WAMU 88.5 : News

Filed Under:

Federal Program Offers Private-School Vouchers To D.C. Students

Play associated audio
The voucher program is unpopular with teachers because it is said to take money out of public schools.
Basheer Tome: http://www.flickr.com/photos/basheertome/4597447306/
The voucher program is unpopular with teachers because it is said to take money out of public schools.

Nearly 300 children have been awarded new private-school tuition vouchers under a federal program that's been the source of tension between Congress and the White House. The D.C. Opportunity scholarship program is awarding approximately 1,800 vouchers this year.

Salma Khan is the director of the effort. She says there are about 300 new students in the program this year, and that most of them come from households receiving food stamps.

"The funding is geared towards low-income students in the district who attend school that have been designated as in need of improvement," says Khan.

Carlos Battle is currently a student at Northeastern University and the first person in his family to go to college. He says the scholarship program helped him get where he is today, and that thanks to the program, his younger brother is on the same path.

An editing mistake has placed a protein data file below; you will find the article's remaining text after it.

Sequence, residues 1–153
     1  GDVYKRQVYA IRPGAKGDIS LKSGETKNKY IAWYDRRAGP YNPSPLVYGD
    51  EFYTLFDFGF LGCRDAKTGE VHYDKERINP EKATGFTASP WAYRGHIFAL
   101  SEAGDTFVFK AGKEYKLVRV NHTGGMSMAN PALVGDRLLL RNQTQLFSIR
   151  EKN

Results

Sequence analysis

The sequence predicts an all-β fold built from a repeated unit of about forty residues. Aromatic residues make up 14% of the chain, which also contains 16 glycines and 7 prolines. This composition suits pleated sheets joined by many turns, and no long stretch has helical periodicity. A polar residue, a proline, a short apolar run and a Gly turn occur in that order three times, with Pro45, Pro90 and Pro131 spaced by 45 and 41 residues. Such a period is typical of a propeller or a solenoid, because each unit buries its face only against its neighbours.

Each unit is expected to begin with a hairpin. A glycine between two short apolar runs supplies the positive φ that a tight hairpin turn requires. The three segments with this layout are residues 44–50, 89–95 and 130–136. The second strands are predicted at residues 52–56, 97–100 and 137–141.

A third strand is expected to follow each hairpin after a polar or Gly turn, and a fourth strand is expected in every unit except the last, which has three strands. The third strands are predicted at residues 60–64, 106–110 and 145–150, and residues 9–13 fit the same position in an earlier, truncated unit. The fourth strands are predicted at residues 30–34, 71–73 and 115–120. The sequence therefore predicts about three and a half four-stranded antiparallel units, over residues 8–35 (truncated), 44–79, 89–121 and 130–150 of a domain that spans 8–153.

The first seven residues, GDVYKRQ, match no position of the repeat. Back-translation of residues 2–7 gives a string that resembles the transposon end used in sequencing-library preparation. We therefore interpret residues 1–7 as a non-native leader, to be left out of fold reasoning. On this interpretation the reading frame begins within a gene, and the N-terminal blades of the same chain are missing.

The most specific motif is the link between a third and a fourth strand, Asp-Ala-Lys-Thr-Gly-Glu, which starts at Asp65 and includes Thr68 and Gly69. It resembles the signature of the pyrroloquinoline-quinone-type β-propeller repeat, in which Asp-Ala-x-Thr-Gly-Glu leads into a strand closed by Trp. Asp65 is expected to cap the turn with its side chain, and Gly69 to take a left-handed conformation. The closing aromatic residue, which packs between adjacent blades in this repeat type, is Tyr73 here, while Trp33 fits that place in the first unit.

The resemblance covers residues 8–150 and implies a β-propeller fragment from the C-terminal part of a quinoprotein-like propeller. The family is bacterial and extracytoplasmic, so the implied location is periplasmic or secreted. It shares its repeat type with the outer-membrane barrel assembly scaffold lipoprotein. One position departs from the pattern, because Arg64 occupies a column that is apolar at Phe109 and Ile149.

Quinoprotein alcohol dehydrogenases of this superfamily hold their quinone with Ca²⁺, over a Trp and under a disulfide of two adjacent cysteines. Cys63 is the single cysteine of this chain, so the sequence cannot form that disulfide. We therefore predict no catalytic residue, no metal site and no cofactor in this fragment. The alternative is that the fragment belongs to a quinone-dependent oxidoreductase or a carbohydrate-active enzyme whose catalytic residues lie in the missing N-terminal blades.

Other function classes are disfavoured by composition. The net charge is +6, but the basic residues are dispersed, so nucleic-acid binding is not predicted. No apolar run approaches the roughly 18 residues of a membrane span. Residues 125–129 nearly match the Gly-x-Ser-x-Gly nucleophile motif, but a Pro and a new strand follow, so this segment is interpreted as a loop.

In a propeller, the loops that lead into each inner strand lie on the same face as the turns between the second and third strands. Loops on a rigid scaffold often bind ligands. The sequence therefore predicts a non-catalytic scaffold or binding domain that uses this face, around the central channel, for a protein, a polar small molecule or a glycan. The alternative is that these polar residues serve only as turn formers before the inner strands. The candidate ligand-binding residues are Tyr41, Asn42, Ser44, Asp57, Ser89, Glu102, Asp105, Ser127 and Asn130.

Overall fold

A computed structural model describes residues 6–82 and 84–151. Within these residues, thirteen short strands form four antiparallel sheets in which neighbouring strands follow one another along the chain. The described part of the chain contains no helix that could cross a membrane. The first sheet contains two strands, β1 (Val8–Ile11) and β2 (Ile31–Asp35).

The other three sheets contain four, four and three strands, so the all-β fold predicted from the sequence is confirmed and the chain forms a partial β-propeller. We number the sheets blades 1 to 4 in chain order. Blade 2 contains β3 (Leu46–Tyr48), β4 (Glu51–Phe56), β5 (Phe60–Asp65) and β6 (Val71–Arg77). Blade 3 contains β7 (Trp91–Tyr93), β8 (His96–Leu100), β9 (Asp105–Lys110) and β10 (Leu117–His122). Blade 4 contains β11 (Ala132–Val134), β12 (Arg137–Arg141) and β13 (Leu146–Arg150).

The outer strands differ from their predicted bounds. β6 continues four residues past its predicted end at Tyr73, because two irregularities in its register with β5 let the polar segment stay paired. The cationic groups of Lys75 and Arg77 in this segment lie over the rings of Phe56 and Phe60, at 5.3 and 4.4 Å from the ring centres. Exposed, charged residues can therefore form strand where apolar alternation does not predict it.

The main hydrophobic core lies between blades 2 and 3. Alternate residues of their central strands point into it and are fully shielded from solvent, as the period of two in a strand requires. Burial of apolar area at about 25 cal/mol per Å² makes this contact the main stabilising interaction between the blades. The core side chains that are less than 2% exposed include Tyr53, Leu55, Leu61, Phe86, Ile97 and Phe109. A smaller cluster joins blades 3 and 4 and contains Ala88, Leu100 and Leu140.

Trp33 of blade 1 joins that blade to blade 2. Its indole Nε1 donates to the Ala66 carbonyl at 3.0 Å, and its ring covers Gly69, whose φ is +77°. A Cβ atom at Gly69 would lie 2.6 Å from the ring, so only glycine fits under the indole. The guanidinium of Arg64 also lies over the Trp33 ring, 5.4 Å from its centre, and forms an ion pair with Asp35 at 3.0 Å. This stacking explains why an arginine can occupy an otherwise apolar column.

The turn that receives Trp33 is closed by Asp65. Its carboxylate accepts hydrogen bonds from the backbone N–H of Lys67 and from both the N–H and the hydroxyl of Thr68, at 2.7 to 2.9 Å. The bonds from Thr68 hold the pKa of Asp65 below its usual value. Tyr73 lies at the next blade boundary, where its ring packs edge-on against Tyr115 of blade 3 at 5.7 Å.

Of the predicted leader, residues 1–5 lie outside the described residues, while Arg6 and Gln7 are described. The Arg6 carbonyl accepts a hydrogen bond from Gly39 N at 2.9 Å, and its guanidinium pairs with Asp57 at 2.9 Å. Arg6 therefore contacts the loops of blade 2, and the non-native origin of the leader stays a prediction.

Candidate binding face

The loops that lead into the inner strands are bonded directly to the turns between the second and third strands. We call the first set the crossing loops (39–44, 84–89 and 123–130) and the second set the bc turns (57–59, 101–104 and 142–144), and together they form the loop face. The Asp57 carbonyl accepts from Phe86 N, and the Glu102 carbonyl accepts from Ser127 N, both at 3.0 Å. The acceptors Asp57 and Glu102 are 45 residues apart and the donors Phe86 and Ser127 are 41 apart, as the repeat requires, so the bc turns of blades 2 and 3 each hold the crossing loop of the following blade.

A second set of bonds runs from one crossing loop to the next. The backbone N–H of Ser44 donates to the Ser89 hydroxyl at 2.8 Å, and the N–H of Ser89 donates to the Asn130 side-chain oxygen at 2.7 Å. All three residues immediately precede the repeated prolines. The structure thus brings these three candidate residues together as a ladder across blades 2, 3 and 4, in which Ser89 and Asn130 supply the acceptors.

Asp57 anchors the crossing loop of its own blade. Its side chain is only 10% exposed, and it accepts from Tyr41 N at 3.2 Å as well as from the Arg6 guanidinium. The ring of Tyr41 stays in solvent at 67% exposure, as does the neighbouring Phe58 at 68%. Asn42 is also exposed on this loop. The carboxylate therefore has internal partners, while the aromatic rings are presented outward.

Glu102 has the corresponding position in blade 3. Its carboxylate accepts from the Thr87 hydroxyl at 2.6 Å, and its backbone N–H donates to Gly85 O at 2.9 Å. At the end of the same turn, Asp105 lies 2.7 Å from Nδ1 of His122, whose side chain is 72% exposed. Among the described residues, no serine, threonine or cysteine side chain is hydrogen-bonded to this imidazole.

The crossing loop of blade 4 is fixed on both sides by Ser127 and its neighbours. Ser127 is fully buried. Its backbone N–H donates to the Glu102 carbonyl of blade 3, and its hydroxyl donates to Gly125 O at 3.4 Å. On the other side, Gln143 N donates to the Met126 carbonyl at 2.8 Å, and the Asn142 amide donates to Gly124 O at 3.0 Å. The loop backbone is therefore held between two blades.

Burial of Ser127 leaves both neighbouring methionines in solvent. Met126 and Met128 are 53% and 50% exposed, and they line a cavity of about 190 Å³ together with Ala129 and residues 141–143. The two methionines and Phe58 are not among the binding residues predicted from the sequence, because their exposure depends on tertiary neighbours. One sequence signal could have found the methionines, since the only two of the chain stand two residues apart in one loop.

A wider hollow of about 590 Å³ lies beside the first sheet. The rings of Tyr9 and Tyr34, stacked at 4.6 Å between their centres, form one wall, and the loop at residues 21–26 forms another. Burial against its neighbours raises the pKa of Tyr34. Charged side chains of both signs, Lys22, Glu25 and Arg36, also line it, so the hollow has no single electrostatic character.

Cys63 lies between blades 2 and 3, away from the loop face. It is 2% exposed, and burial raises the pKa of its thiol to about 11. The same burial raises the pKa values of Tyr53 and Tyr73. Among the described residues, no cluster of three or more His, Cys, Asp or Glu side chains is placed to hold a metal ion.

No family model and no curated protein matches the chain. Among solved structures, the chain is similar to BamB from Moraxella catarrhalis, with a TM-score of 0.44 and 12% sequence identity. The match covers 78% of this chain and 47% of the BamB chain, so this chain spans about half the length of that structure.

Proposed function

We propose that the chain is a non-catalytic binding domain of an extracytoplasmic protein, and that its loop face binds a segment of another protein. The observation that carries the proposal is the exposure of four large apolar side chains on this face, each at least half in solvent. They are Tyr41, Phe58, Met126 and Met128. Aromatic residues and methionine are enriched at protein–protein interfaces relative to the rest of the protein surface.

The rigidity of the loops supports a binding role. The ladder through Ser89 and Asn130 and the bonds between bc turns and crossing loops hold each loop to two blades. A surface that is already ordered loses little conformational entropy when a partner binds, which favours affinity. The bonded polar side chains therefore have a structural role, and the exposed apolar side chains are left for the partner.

"He could've been one of the kids outside doing what he's not supposed to," says Battle. "Instead, he took a better route that will help him and his future. I'm just proud of him."

Since the program was started in 2004, more than 5,000 students have recieved vouchers. The vouchers offer recipients up to $12,205 to attend private high schools or $8,136 for elementary and middle schools.

The program has been in place since 2004, and the nation's capital is the only jurisdiction where federal tax dollars are used to subsidize private-school tuition. The Obama administration has attempted to phase it out, but House Majority Leader John Boehner and others in Congress have fought to keep it.


Encore: 'Future Shock' 40 Years Later

Future Shock by Alvin Toffler was a huge sensation when it was published in 1970. The book perfectly captured the angst of that time and prepared society for more changes to come.

In Prison, The Passion That Drove A Yogurt-Maker To Arson Still Burns

The yogurt entrepreneur who set fire to his factory remains in prison, but he's in better spirits now. "He's dreaming again," says his wife.
WAMU 88.5

The Politics Hour - July 1, 2016

Kojo and Tom Sherwood chat with D.C. Transportation Director Leif Dormsjo and Virginia Del. Marcus Simon (D-Fairfax).


'Future Shock' Author Alvin Toffler Dies at 87

Toffler's warnings about 'information overload' and the accelerating pace of change in modern society made his seminal 1970 book a best-seller in the U.S. and around the world.

Leave a Comment

Help keep the conversation civil. Please refer to our Terms of Use and Code of Conduct before posting your comments.